For the majority of today’s riders, supersport 600s are now too hot. But for American roads, four-stroke 250s like the little CBR are just too cold. What if there was a third way, something in the middle that was both accessible and economical, but also fast and fun to ride? And not just fast and fun on a race track, but on your commute, in town, on a highway, in traffic, in every kind of weathe...
For the majority of today’s riders, supersport 600s are now too hot. But for American roads, four-stroke 250s like the little CBR are just too cold. What if there was a third way, something in the middle that was both accessible and economical, but also fast and fun to ride? And not just fast and fun on a race track, but on your commute, in town, on a highway, in traffic, in every kind of weather, every day? What if that bike got great gas mileage, was cheap to buy, cheap to insure and cost just pennies to run? What if it was styled well enough that it could do all that and still turn heads? Well, we’ve gotten our hands on exclusive, leaked specs of the new Honda CBR500 and it looks like it could be just right.
Last month, pictures leaked from Thailand of both a CBR and Honda CB500, the former aping the look of the 2012 Honda CBR1000RR and the latter looking like a CB1000R. Both appear to share and engine, frame and seat unit, meaning the CBR500 won’t be some impractical race rep, but appears to feature a spacious, low seat, plenty of room for a pillion and/or luggage and even generous grab handles.
Earlier today, Honda announced the new European Junior Cup, which will be an SBK support class exclusively using an as-yet-unnamed "exciting new Honda sports machine."
In fact, that seat unit looks very similar to the one used by the Honda CBR250. Released last year, that bike’s been punching far above its middling specs would suggest, being faster, easier and more fun to ride than anything making 26bhp and weight 357lbs (wet) has a right to. It’s one of those complete packages where every component might not look like much on paper, but in practice just clicks into place to achieve a greater sum. It costs just $4,200, but feels immensely special. You can think of the CBR500 as its big brother.
Exclusive to HFL, here’s a run down of the CBR500’s specs:
- 470cc liquid-cooled, parallel-twin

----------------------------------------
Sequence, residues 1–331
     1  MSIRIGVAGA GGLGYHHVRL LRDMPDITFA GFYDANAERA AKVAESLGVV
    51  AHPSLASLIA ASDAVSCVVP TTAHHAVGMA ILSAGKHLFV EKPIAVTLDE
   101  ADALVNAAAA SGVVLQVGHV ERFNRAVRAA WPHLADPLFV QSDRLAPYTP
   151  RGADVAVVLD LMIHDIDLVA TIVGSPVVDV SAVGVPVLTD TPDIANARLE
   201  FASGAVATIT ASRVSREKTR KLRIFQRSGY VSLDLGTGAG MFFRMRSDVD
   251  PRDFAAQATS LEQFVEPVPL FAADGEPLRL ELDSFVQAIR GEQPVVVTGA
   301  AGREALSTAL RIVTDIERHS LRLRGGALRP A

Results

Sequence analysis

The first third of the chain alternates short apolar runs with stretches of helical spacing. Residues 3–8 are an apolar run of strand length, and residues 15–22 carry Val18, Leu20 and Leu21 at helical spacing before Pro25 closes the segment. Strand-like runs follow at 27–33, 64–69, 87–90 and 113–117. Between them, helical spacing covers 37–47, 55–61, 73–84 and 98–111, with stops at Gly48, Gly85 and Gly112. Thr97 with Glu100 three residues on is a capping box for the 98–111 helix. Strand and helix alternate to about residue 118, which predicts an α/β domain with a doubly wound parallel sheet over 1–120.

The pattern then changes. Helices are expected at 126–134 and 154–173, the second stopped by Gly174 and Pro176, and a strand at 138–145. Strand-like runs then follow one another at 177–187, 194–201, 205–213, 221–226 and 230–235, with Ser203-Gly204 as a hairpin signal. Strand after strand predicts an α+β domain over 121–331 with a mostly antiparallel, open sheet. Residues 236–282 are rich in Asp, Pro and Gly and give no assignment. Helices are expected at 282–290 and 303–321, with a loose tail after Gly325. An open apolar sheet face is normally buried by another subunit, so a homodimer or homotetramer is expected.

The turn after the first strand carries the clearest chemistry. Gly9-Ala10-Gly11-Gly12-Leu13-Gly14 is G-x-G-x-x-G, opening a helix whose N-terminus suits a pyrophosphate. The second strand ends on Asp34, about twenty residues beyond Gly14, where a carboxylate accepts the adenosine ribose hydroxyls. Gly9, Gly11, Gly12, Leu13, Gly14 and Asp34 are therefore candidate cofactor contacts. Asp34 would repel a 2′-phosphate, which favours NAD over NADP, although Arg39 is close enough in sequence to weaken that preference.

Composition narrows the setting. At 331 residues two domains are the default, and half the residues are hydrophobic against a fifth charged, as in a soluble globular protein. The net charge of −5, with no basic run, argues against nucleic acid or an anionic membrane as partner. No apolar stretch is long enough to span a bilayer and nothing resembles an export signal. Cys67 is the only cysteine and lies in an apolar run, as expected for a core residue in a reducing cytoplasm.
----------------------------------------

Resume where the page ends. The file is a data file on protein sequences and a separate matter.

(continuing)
- Six-speed manual
- 30lb/ft of torque
- 401lbs (dry)/430lbs (wet)
- 105mph top speed
- 31-inch seat height
- 120/70-17 (front)/160-60-17 (rear)
Those figures come from a trusted contact inside Honda Europe. While we can’t reveal their identity or the reasons why we’re so sure they’re correct, we stand behind their veracity.
That power figure may seem oddly precise, but it’s spot on for Europe’s new A2 license tier, which will allow 19-year olds to ride bikes with up to 35kw of power. Or 46.9 of your good old-fashioned horses.
It’s also close to double the power of the CBR250 without doubling the weight. Where that bike makes .073bhp per wet pound, the CBR500 makes .109. That puts it into the middle of a performance gap in the market. Kawasaki’s Ninja 650 weighs 460lbs (wet) and makes 71bhp, giving it a power-to-weight ratio of .154, while the new Ninja 300 makes 39bhp and weighs 379lbs, giving it .103 horses to pounds.
With that 470cc twin, the CBR500 also makes decent torque. Where the Ninja 300 sits at 20lb/ft, the CBR250 makes 17lb/ft and the Ninja 650 47, the CBR500 is again in a class of its own at 30lb/ft.
So why not just buy that Ninja 650 or other, similar, bikes? Hopefully that’s going to be about money. Where the Honda CBR250 is just $4,200, the Ninja 650 is $7,599. If the CBR500 can split the difference, Honda could be onto a winner. The spy photos of the bike were snapped at the same factory in Thailand in which Honda produces the CBR250, suggesting an affordable price. A modular approach, which sees the CBR an CB500 sharing pretty much every component but fairing and handlebars, also points towards affordability.
Of course, targeting European learners, Southeast Asian and South American riders and broke Americans means that Honda is chasing one other metric for the CBR500: fuel-economy. The single-cylinder CBR250 returns 77mpg, but the new, parallel-twin NC700x manages 64mpg thanks to a variety of new technologies drawn from Honda’s auto division. Our source wasn’t able to provide a fuel economy figure, but did say the new motor should draw on that technology too. The Ninja 650 returns 50mpg and the outgoing Ninja 250 61mpg.
But the big news? In Honda’s internal system, the codes “AC” and “CM” are listed next to the model’s name. “AC” = America (California/50 State) and CM means “Canada.” Expect the CBR500 to arrive in both early next year.